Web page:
Two new mobile harbor cranes have been delivered to the Port of Savannah’s Ocean Terminal as the Georgia Ports Authority expands its container-handling and berth capacity. The cranes will offload containers from vessels carrying up to 4,800 twenty-foot equivalent container units.
“We’re developing this into a niche terminal that will provide the highest priority and service to vessels in this class,” said GPA Executive Director Griff Lynch. “Expanded container service at Ocean Terminal could start as early as this year.”
Ships carrying up to 4,800-TEUs were previously served at Garden City Terminal’s Berth 1, which is slated to undergo renovation to straighten a bend. The berth renovation at Savannah’s main container port is necessary to accommodate additional 14,000-TEU ships. Berth 1 construction, when complete in 2023, will allow the GPA to handle four 14,000-TEU vessels simultaneously.
“Even during the downturn, Savannah’s market share has continued to increase,” said GPA Board Chairman Will McKnight. “Making strategic investments in our future and the future of our customers is what has enabled Savannah to become the third busiest gateway in the nation for container trade.”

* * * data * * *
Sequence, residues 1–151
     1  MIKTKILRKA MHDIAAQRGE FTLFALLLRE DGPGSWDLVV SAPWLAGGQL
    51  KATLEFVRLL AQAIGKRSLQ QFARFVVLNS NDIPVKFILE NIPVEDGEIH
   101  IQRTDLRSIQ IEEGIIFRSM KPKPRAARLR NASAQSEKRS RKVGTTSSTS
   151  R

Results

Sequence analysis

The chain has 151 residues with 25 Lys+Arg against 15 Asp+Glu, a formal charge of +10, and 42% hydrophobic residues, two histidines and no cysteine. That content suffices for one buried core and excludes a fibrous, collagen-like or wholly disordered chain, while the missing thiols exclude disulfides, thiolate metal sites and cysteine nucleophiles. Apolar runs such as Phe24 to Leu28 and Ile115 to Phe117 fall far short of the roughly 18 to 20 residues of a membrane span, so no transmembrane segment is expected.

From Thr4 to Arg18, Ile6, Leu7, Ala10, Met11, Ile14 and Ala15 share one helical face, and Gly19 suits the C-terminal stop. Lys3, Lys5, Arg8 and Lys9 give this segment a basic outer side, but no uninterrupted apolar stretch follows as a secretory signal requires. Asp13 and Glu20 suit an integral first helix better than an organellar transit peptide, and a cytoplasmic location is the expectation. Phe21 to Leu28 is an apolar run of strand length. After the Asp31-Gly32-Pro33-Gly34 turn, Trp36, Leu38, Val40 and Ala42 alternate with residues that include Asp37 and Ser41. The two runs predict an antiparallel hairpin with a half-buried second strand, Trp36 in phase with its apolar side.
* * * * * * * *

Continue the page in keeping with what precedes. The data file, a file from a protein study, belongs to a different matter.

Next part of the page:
With a lift capacity of 125 tons, the mobile harbor cranes can be configured to handle either containers or breakbulk cargo.
Additionally, a portion of the docks at Ocean Terminal is being revamped for container ships, and new storage space will be added on terminal. By the end of Calendar Year 2020, the renovation project will deliver improvements to Berth 18, an expanded container yard for dry and refrigerated boxes, eight new rubber-tired gantry cranes, and a new truck gate with direct access to Interstate 516. The expanded container terminal will have an annual capacity of 225,000 twenty-foot equivalent container units.
“This exciting new development at OT will allow the GPA to continue to meet and exceed the needs of our customers while the improvements are being made to Berth 1 in Garden City,” said GPA Chief Operating Officer Ed McCarthy.
Georgia’s deepwater ports and inland barge terminals support more than 439,000 jobs throughout the state annually and contribute $25 billion in income, $106 billion in revenue and $2.9 billion in state and local taxes to Georgia’s economy. The Port of Savannah handled 8.5 percent of U.S. containerized cargo volume and 10 percent of all U.S. containerized exports in FY2017.